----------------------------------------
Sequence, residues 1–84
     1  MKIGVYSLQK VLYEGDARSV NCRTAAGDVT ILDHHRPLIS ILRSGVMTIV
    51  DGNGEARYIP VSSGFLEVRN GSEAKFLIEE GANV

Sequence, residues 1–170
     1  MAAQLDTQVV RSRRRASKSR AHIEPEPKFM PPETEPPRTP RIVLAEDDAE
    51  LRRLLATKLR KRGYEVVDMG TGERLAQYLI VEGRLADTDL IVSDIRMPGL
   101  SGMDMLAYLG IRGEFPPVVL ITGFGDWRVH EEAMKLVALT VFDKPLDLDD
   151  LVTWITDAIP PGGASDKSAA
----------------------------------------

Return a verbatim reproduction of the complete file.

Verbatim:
Sequence, residues 1–84
     1  MKIGVYSLQK VLYEGDARSV NCRTAAGDVT ILDHHRPLIS ILRSGVMTIV
    51  DGNGEARYIP VSSGFLEVRN GSEAKFLIEE GANV

Sequence, residues 1–170
     1  MAAQLDTQVV RSRRRASKSR AHIEPEPKFM PPETEPPRTP RIVLAEDDAE
    51  LRRLLATKLR KRGYEVVDMG TGERLAQYLI VEGRLADTDL IVSDIRMPGL
   101  SGMDMLAYLG IRGEFPPVVL ITGFGDWRVH EEAMKLVALT VFDKPLDLDD
   151  LVTWITDAIP PGGASDKSAA